Discrepancies – All unscheduled maintenance activity is organized through this feature. Page | 3 . Other – The “Other” selection contains access to additional areas within the application that are less frequently accessed. Work Orders – A workflow module within the application available to system users. Task/Status – Access to all scheduled tasks tracked against the aircraft. aircraft N1260D has been selected from the “My Fleet” fleet listing. Major Assemblies: Major Assemblies – Contain access to all engines. g. but which remain important to the user. Note each of the functions associated with this aircraft. Documents – Operator access to all general documentation loaded by departmental personnel.  Task Groups – A utility that provides the operator a means to physically group tasks within the application when such groupings make sense from a tracking perspective. historic task & work order file attachments. ii. f.  Flight Log – A page within the application used to store historic total time data imported via integrated dispatch applications or by manual input. Fleet Discrepancies – Visibility into fleet-wide squawks. As shown via the navigation panel on page “4”. d. g. Fleet Groups – Collection of aircraft task groups. Users typically access this information directly from the task via the Tasks/Status function. c. Doing so will present the below listed fleet functions. Fleet Management – Allows the addition of aircraft to a fleet. d. a. b. iii. applicable elogbook records. Each described unit will list with its own home page and respective functions identical to the aircraft listings described above. h. Aircraft Listings: Aircraft – All aircraft specific to a fleet are listed directly under the fleet level functions and may be accessed by clicking on the registration.  History – This page serves as a storage feature for all historic task update transactions. Due List – A page within the application that will present all tasks scheduled due within the time projections preset by the operator. c. Fleet Task/Status – View tasks common to all aircraft. can manually expand any other fleet within the selection by clicking on the single caret positioned to its left. Fleet Work Center – Single point access to all fleet work orders. propellers and APU’s that are considered spares within the operator’s domain. e. Fleet Due List – One due list which presents all due tasks for entire fleet. e. a. f. Fleet Update Transactions – Historic and pending update information. Update/Maintenance Log/MTR – Allows operators to update work accomplished information against all tasks within the application. and all compliance records. b. Fleet Actual Times – Quick access to “Total Time” edits.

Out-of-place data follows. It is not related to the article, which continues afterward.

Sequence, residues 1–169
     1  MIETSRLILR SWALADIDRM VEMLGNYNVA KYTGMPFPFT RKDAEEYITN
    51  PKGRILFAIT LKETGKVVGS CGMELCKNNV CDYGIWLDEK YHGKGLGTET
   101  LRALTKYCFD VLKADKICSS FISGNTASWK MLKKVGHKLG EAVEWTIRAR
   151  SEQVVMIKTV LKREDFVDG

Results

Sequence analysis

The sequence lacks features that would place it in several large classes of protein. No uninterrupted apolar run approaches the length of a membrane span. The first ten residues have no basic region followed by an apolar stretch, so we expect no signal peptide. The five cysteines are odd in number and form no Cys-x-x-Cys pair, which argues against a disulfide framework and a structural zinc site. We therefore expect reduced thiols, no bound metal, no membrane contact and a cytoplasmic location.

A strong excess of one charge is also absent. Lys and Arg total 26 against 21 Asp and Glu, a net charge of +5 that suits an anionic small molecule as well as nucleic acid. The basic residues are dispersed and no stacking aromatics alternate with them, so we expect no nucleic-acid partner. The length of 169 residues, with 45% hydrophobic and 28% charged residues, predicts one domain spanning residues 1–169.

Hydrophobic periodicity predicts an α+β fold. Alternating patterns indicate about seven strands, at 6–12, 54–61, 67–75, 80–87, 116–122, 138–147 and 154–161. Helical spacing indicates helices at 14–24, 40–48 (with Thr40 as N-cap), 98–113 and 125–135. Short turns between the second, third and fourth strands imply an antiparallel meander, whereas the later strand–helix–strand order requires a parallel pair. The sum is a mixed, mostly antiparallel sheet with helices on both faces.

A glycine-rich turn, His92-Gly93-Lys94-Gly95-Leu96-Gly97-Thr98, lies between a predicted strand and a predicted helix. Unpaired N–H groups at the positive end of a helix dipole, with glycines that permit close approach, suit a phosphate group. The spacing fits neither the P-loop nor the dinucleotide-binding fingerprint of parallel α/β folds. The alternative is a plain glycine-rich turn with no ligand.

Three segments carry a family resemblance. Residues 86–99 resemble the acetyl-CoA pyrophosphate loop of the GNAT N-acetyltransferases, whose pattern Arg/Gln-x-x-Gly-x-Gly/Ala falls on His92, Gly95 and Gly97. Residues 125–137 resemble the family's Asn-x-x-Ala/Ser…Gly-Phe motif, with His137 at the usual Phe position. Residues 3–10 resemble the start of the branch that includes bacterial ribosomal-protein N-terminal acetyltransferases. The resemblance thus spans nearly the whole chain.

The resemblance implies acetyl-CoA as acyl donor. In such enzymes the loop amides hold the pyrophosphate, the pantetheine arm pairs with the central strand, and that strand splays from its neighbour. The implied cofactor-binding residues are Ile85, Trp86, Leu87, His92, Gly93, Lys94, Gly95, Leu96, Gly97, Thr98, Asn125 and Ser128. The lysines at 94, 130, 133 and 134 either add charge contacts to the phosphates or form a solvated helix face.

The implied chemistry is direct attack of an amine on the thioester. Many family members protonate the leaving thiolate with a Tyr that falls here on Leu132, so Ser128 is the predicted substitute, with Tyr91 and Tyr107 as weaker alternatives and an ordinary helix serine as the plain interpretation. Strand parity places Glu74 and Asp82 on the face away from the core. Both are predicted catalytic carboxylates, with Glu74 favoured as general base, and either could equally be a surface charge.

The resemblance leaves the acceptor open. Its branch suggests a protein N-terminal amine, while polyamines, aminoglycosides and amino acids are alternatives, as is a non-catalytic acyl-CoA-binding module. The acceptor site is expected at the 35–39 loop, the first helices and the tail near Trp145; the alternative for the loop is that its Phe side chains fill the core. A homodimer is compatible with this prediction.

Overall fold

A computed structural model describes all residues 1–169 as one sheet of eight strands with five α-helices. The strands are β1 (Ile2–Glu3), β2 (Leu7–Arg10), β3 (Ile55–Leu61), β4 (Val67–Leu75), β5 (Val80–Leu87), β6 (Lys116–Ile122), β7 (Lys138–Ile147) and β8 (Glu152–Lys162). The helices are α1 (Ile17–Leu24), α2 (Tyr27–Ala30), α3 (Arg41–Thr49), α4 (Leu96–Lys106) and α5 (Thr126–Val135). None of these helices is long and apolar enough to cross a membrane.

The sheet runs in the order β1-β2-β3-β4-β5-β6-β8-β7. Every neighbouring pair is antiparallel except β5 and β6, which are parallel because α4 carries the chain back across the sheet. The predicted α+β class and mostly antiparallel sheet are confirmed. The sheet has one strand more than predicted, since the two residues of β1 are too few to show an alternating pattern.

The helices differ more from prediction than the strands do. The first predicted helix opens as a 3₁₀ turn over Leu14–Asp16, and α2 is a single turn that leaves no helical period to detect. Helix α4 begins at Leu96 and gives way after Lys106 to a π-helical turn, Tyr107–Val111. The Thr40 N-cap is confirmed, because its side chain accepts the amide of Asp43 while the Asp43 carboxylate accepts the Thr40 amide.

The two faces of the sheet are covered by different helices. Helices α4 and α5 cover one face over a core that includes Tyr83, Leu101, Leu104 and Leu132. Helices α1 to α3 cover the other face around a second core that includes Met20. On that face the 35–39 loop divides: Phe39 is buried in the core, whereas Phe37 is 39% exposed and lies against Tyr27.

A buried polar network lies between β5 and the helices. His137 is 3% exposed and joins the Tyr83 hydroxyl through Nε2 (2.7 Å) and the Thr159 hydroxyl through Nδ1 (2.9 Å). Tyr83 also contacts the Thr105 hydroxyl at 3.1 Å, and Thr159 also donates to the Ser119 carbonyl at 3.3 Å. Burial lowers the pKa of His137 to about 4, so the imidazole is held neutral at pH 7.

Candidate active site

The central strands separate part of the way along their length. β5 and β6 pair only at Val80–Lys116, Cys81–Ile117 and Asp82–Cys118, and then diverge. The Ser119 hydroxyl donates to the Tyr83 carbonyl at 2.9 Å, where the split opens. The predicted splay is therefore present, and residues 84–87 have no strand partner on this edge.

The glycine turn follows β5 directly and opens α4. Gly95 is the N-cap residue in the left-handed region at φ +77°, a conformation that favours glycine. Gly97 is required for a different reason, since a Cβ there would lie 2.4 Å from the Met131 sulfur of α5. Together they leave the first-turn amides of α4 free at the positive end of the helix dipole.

When a different aircraft is desired the user need only choose the registration of the aircraft they’re interested in viewing and the application will respond by opening the home page for that aircraft in place of the first.II. Clicking on any of these links will open a new screen in the Center display each of which will have their own identifiable tab. Accessing an Aircraft: Upon entering CAMP 3. Also note that under the registration within the navigation panel all major functions associated with the aircraft remain available. Each will be associated with their own identifying tabs allowing the user to move freely among all without negatively affecting the speed of the system. Page | 4 . the system defaults the user to the “Aircraft Home Page” of the first available aircraft within the individual’s assigned default fleet. In the below example.0. 2 2The CAMP 3. Note that N1260D is highlighted in the navigation panel and that the system has responded by opening its respective home page in the “Center Display” area.0 system is capable of maintaining multiple functional screens simultaneously. ii. The navigation panel will open with a listing of all fleet/aircraft for which the user has permission to view. i. N1260D is being displayed.